MTPR

'Good Neighbor Agreement' Aims To Speed Up Forest Maintenance Work

Jul 18, 2016

Governor Steve Bullock signed an agreement today with the U.S. Forest Service aimed at speeding up the work targeted at reducing fire danger and disease on federal land.

Just before noon on Monday, Governor Bullock stood in front of Chessman Reservoir west of Helena and signed the Good Neighbor Authority agreement, under the 2014 Farm Bill.

Now that Montana and the U.S. Forest Service have signed the agreement, the State’s Department of Natural Resources and Conservation can begin staffing the planning and research required for these projects under the National Environmental Policy Act.

U.S. Agriculture Under Secretary Robert Bonnie says this agreement speeds up the process of important forest maintenance.

"We all know about the forest health challenge; we see it all around right now. Our fire seasons are 80 days longer than they were three decades ago. Fires are burning bigger and longer and more catastrophic. So it is important for us to do the restoration so we get more natural fire regimes back into the woods."

About 22 projects are planned or in progress using Farm Bill authority around the state.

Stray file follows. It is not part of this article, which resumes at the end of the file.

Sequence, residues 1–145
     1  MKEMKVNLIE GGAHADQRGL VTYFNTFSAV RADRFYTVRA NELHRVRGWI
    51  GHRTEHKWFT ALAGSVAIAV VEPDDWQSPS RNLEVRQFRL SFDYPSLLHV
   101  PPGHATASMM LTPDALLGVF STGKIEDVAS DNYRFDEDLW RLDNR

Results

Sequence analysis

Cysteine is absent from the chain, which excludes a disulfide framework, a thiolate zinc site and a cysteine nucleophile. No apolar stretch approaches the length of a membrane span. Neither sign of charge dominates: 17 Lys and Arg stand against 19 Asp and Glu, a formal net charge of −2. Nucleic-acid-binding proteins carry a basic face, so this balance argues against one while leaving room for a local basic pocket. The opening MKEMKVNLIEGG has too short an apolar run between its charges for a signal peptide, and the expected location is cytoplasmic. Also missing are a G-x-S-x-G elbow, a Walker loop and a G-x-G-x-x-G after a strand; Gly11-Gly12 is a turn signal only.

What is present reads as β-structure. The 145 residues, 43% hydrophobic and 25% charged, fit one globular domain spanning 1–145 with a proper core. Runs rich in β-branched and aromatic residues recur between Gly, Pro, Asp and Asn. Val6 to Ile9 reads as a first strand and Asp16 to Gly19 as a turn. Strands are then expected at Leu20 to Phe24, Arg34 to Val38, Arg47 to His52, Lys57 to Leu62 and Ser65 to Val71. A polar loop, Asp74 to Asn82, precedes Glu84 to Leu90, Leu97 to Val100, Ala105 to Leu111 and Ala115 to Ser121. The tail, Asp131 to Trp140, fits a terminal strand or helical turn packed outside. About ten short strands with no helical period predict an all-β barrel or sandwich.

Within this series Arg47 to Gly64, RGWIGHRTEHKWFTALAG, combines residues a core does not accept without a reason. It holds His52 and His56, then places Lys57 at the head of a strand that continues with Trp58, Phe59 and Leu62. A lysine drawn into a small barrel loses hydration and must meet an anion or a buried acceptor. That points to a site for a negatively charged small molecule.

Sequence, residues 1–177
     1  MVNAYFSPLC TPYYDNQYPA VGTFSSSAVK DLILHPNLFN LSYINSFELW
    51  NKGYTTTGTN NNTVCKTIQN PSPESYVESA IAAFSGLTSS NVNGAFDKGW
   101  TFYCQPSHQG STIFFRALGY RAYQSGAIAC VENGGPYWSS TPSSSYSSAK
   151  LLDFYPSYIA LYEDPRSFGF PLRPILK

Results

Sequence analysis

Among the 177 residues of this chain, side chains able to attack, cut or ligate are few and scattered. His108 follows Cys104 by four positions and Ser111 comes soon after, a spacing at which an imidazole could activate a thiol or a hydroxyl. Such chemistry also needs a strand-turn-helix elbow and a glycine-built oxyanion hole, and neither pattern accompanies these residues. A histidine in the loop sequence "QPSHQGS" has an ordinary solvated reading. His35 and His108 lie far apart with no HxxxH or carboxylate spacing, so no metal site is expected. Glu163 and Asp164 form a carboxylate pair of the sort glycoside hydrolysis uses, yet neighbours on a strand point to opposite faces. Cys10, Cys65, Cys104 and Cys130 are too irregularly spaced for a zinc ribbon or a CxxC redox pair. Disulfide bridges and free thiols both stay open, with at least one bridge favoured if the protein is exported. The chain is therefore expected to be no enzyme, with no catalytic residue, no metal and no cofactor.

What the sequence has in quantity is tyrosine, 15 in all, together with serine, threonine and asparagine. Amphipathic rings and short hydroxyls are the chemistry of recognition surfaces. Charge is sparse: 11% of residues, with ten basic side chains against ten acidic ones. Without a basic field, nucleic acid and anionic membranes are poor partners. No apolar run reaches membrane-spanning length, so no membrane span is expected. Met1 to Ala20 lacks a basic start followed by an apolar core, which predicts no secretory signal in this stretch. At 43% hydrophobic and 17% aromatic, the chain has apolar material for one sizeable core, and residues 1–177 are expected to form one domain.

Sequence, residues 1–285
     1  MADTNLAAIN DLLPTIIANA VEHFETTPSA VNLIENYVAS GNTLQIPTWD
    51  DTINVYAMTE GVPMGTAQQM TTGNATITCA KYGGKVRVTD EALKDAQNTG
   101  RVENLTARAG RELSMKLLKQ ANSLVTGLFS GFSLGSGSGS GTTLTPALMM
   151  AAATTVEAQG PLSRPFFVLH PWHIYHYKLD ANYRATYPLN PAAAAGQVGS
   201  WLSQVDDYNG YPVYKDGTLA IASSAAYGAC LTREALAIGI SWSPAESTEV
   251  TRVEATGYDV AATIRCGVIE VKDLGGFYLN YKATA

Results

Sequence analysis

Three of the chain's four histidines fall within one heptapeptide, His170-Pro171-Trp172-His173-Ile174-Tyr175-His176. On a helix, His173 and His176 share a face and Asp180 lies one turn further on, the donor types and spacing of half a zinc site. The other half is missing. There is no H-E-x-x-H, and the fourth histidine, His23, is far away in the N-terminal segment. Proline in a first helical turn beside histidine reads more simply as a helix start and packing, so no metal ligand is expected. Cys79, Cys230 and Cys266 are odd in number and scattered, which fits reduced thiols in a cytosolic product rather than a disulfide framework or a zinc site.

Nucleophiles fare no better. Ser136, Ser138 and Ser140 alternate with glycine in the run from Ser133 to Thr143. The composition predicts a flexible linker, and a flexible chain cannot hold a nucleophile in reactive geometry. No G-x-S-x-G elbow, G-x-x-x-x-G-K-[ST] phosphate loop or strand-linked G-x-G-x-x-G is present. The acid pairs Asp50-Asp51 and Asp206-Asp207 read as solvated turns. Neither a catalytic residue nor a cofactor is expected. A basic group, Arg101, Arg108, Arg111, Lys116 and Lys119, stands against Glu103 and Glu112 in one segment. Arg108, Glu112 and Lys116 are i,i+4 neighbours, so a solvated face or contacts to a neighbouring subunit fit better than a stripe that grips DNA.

Some environmental advocacy groups in Montana are skeptical of the speed with which Farm Bill projects move through environmental review.

In 2014, Governor Bullock designated almost 5 million acres of national forest land in Montana as Priority Landscape under the Farm Bill -- that means they get less environmental review than typical federal logging or fire mitigation thinning projects. 

That year Bullock also allocated around $3.5 million in state dollars to help fund those projects. Last October Bullock announced an additional $3 million in funding.

Bullock’s Republican opponent in the gubernatorial race, Greg Gianforte, is criticizing him for not signing the Good Neighbor Agreement sooner.

In an emailed press release Gianforte said, "At least 18 other states have already entered into Good Neighbor Agreements with the U.S. Forest Service."

Bullock said during the announcement Monday that Montana has been funding this work even before the official paperwork was signed.